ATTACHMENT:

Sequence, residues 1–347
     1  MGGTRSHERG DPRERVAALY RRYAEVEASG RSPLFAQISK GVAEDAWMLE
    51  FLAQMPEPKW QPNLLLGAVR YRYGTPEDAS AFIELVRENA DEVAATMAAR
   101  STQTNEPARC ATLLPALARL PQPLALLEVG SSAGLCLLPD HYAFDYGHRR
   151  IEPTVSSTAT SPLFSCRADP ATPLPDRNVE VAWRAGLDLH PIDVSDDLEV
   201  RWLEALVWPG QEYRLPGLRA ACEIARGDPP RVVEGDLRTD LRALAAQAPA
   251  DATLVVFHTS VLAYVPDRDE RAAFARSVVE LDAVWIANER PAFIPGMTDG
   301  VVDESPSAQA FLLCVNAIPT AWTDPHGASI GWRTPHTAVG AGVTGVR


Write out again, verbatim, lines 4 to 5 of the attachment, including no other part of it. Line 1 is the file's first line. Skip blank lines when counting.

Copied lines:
   101  STQTNEPARC ATLLPALARL PQPLALLEVG SSAGLCLLPD HYAFDYGHRR
   151  IEPTVSSTAT SPLFSCRADP ATPLPDRNVE VAWRAGLDLH PIDVSDDLEV